Experts from the School of Veterinary Medicine and Science have discovered powerful antibiotic properties in the brains of cockroaches and locusts which could lead to novel treatments for multi-drug resistant bacterial infections. They found that the tissues of the brain and nervous system of the insects were able to kill more than 90 per cent of MRSA and pathogenic Escherichia coli, without harming human cells.
Simon Lee, a postgraduate researcher, is presenting their work at the Society for General Microbiology’s autumn meeting which is being held at The University of Nottingham between the 6 and 9 September 2010. The research has identified up to nine different molecules in the insect tissues that were toxic to bacteria.
Simon Lee said: “We hope that these molecules could eventually be developed into treatments for E. coli and MRSA infections that are increasingly resistant to current drugs. These new antibiotics could potentially provide alternatives to currently available drugs that may be effective but have serious and unwanted side effects.”
Dr Naveed Khan, an Associate Professor of Molecular Microbiology who is supervising Simon Lee’s work said: “Superbugs such as MRSA have developed resistance against the chemotherapeutic artillery that we throw at them. They have shown the ability to cause untreatable infections, and have become a major threat in our fight against bacterial diseases. Thus, there is a continuous need to find additional sources of novel antimicrobials to confront this menace.”
Using state-of-the-art analytical tools, Dr Khan and his team are studying the specific properties of the antibacterial molecules. Research is currently underway to test the potency of these molecules against a variety of emerging superbugs such as Acinetobacter, Pseudomonas and Burkholderia.
Mr Lee explained why it is unsurprising that insects secrete their own antimicrobials. He said: “Insects often live in unsanitary and unhygienic environments where they encounter many different types of bacteria. It is therefore logical that they have developed ways of protecting themselves against micro-organisms.”
Lindsay Brooke | EurekAlert!
Zap! Graphene is bad news for bacteria
23.05.2017 | Rice University
Discovery of an alga's 'dictionary of genes' could lead to advances in biofuels, medicine
23.05.2017 | University of California - Los Angeles
An international team of physicists has monitored the scattering behaviour of electrons in a non-conducting material in real-time. Their insights could be beneficial for radiotherapy.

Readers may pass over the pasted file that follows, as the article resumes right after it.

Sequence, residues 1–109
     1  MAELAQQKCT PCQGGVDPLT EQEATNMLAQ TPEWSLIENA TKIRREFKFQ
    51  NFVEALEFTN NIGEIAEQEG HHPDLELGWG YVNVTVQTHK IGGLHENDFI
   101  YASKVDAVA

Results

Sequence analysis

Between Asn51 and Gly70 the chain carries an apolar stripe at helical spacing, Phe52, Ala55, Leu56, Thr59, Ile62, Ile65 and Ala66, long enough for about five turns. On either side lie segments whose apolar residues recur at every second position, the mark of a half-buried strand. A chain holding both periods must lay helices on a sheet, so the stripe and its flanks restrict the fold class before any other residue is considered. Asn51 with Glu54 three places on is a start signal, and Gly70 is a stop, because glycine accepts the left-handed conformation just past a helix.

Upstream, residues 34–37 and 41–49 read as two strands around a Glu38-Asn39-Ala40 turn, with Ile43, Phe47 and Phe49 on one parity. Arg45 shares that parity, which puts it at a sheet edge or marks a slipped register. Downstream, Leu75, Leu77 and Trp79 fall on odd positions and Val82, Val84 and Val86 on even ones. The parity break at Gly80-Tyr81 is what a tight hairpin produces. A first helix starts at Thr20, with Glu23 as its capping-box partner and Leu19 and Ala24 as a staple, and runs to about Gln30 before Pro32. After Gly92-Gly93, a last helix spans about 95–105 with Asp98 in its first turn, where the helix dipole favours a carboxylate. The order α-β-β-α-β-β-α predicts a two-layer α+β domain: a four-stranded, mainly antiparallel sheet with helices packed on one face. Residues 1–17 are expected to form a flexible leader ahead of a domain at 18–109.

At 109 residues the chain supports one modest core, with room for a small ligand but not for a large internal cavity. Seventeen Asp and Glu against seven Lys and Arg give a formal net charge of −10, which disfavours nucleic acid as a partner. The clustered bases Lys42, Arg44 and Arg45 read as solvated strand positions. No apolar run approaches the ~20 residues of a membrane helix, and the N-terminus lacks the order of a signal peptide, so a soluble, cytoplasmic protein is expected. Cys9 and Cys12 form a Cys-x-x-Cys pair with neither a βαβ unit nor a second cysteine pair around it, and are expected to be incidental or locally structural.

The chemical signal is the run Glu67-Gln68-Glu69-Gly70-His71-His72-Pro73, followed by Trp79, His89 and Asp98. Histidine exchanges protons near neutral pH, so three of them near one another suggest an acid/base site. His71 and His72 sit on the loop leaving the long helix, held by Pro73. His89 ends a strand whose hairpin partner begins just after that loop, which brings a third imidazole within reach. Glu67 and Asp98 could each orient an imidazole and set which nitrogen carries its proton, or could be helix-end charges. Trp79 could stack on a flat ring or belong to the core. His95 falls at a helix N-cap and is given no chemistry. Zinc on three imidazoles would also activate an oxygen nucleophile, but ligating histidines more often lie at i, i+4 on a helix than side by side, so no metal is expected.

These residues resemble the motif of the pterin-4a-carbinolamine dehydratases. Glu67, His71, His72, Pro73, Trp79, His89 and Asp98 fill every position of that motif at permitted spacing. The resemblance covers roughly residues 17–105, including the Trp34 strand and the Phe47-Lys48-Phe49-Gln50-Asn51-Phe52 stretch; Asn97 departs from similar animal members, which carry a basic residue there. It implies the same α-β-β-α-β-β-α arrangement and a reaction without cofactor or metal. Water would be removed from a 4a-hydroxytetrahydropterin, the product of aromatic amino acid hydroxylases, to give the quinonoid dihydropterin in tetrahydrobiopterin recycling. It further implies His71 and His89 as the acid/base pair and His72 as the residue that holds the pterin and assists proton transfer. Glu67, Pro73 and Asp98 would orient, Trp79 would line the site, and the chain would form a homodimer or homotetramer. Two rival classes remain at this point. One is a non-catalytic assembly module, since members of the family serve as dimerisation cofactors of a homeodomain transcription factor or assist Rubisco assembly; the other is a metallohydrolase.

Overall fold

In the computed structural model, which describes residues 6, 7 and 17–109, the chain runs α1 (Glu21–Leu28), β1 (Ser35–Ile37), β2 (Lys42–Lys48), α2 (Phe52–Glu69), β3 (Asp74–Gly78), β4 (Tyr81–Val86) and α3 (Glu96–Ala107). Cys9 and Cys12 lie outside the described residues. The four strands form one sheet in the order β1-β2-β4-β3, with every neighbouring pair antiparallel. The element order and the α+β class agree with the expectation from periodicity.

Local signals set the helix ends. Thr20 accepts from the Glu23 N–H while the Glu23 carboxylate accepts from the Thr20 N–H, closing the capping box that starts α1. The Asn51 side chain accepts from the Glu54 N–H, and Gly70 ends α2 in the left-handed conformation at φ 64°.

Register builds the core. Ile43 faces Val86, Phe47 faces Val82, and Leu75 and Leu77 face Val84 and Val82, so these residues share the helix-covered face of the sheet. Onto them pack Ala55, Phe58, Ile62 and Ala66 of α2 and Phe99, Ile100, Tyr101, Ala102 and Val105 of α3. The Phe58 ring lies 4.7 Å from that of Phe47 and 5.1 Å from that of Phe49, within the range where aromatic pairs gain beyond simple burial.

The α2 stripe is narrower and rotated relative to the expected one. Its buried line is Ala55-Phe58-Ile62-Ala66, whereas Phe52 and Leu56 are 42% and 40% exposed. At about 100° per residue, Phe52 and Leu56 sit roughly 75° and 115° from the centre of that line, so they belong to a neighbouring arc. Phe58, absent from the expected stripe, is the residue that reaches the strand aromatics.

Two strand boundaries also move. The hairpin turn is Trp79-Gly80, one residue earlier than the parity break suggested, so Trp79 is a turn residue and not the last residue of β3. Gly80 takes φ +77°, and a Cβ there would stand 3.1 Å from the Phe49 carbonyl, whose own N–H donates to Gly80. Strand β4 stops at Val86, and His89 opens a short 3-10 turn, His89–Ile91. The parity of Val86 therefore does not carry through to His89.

We can refer to electrons in non-conducting materials as ‘sluggish’. Typically, they remain fixed in a location, deep inside an atomic composite. It is hence...
Two-dimensional magnetic structures are regarded as a promising material for new types of data storage, since the magnetic properties of individual molecular building blocks can be investigated and modified. For the first time, researchers have now produced a wafer-thin ferrimagnet, in which molecules with different magnetic centers arrange themselves on a gold surface to form a checkerboard pattern. Scientists at the Swiss Nanoscience Institute at the University of Basel and the Paul Scherrer Institute published their findings in the journal Nature Communications.
Ferrimagnets are composed of two centers which are magnetized at different strengths and point in opposing directions. Two-dimensional, quasi-flat ferrimagnets...
An Australian-Chinese research team has created the world's thinnest hologram, paving the way towards the integration of 3D holography into everyday...
In the race to produce a quantum computer, a number of projects are seeking a way to create quantum bits -- or qubits -- that are stable, meaning they are not much affected by changes in their environment. This normally needs highly nonlinear non-dissipative elements capable of functioning at very low temperatures.
In pursuit of this goal, researchers at EPFL's Laboratory of Photonics and Quantum Measurements LPQM (STI/SB), have investigated a nonlinear graphene-based...
Dental plaque and the viscous brown slime in drainpipes are two familiar examples of bacterial biofilms. Removing such bacterial depositions from surfaces is...
23.05.2017 | Event News
22.05.2017 | Event News
17.05.2017 | Event News
23.05.2017 | Physics and Astronomy
23.05.2017 | Life Sciences
23.05.2017 | Medical Engineering